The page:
How do you create a speaker demo video? That is a great question, and I am here to help you find the answer today.
We have a set of friends based in Austin, Texas, where they have repurposed warehouses with basic materials — pipes, draped curtains for soundproofing, and a video camera. Essentially, they have set up their own video studio and crew in this space. You can do your whole keynote and record a speaker demo video in two weeks.
I love this example because it speaks to how the DIY approach is a great place to start. You can keep adding as you go for your business assets, but be honest and real about where you can get your start.
A demo video is imperative because it will showcase all the components of your branding: your expert bio, your speaker bio, your work history, etc. It is a lengthy process to accomplish, but I am here today to help you figure out how to take that first step.
If you want to make a demo video for your own use, speaking to in-person or virtual audiences, then what we will cover today is all you will need to start. People want to know that you can speak into a camera and not be a weirdo, right?
They want to know that you don’t have to have a live audience sitting right in front of you to feed off of all the energy you can harness. They want to know you can speak to a person, an audience or a lone camera with no one around and get your message across. That means that in these changed times we are currently living in, even if you can only make a video for a virtual audience, you are going to have your bases covered.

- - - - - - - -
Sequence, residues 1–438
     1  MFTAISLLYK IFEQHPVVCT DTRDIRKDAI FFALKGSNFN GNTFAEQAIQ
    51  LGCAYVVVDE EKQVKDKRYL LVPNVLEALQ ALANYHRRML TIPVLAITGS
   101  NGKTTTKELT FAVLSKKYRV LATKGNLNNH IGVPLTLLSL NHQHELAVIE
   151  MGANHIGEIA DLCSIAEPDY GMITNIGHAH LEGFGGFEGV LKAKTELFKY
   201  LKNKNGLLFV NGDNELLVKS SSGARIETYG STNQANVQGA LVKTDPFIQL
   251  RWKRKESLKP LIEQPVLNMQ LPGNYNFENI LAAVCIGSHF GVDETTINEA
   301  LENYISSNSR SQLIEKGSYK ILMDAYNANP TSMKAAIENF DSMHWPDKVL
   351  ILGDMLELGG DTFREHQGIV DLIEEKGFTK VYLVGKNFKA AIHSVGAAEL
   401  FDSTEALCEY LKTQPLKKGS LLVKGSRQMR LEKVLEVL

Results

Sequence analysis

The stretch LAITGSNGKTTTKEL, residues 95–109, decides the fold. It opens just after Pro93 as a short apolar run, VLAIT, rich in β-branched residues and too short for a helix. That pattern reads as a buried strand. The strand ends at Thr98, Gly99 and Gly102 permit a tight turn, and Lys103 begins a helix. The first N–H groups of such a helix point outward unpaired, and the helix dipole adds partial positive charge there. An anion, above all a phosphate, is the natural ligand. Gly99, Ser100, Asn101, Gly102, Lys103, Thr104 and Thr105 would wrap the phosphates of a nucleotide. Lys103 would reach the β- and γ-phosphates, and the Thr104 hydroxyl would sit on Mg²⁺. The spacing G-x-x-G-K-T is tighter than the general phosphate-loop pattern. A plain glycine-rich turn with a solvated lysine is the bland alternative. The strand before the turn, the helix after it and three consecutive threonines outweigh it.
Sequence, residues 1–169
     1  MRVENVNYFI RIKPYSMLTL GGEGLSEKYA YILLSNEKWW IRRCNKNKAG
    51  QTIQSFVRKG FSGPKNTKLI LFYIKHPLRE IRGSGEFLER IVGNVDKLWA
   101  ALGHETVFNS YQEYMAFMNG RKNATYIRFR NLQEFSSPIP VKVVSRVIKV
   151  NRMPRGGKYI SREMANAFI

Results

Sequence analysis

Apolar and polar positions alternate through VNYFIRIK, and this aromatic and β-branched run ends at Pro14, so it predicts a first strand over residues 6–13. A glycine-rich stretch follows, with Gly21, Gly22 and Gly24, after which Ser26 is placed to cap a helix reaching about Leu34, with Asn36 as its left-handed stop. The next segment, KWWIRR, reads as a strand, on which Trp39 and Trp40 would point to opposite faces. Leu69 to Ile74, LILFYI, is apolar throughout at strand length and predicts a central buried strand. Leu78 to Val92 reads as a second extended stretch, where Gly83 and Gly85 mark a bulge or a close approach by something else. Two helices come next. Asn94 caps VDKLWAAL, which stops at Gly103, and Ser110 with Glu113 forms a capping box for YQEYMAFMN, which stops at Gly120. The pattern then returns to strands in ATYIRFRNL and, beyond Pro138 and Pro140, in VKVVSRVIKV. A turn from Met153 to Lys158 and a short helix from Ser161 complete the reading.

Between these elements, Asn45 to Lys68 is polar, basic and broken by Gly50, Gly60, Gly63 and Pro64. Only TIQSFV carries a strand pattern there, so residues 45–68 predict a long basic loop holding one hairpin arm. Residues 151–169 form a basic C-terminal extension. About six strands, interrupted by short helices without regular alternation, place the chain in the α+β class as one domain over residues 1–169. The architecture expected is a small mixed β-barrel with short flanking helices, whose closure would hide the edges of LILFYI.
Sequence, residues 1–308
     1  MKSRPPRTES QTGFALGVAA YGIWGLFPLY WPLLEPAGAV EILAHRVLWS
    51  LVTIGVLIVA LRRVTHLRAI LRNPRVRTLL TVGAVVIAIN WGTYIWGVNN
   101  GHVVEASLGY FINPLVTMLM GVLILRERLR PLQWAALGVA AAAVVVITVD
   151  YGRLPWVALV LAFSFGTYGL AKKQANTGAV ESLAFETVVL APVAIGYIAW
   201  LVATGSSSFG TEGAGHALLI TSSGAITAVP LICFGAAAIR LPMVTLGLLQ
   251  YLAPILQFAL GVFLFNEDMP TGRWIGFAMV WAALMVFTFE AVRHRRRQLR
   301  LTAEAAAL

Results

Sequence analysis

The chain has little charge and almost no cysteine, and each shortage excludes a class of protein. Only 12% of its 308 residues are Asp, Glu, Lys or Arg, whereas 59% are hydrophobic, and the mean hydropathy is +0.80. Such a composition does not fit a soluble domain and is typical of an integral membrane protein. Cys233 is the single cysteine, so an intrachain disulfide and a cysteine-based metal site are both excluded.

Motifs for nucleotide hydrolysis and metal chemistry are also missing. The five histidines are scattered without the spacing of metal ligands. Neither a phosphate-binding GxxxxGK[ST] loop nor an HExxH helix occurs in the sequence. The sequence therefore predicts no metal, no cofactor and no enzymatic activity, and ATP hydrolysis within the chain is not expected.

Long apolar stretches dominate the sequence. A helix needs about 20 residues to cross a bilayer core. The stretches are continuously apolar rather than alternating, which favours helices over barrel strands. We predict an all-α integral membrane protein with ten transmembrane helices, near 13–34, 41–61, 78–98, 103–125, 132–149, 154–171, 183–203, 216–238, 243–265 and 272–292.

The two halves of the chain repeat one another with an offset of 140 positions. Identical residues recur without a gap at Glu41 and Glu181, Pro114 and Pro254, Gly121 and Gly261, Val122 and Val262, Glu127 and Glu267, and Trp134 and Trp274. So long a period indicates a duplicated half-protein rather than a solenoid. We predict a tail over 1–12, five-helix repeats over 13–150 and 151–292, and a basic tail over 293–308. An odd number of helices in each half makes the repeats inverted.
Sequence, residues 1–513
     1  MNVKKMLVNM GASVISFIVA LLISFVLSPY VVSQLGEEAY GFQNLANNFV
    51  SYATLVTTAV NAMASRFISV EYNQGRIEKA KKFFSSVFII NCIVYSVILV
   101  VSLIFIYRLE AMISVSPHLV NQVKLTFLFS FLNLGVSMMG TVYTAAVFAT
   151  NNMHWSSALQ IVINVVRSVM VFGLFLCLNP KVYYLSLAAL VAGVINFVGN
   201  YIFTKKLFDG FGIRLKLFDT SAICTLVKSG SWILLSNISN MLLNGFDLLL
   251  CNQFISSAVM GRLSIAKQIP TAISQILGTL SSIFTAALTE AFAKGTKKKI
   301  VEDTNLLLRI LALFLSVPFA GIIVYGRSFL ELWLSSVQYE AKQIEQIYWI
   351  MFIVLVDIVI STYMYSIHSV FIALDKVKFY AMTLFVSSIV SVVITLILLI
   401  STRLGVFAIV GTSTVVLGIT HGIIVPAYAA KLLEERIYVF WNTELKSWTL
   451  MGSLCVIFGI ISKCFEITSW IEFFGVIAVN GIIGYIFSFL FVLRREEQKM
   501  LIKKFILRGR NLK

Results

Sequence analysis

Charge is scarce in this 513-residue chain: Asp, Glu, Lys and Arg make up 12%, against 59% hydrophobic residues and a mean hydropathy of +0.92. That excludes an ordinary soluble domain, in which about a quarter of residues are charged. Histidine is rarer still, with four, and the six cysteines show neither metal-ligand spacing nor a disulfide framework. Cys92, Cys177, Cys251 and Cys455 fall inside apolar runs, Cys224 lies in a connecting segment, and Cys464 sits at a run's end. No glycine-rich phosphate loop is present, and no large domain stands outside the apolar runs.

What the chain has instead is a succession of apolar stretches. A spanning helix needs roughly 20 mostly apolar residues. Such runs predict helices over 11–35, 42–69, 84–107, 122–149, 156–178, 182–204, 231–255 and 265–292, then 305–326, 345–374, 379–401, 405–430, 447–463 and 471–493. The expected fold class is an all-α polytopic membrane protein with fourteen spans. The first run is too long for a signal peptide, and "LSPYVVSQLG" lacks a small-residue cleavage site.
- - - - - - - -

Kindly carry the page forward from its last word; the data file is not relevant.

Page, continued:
This is also a fun place to start because you can stop, start or delete as many times as you need. You can do this from your office, your home, or wherever you get great lighting. All you need is ten minutes of videos that showcase your story and your expertise.
In terms of assets, things have been a bit shaken up the last year in the speaker world, but I would still recommend collecting your assets and booking as far out as you can. (It’s not uncommon to book 6, 12, even 18 months out for speaker events!)
That means you need to start gathering those assets. Those include audience shots (people clapping, laughing, taking notes and engaging). You need shots of yourself before, during and after your presentation. If you have a book, try to stage a signing — shaking hands with the audience (safely!), interacting with them, preparing for your speech or signing, etc.
All of these assets can be staged in a socially distant way, or with your pod, so that you get the shots you need.
This may seem like simple B-roll footage, and it is! But it’s important to have if you want to elevate your video. Expert tip: if you live somewhere with a fancy hotel or convention center, It is likely they have a stage or auditorium. If someone can catch footage of you in those spaces, even just for a few minutes, those make great shots!
Anyway, those are some of my best tips to start creating your own speaker demo video. Even in these times, it’s not impossible to create these assets, get booked and plan for busier days ahead!
Find my YouTube channel at the link in my bio to find more tips on getting booked, creating your message and recording your video. Let me know any tips or tricks you have in the comments!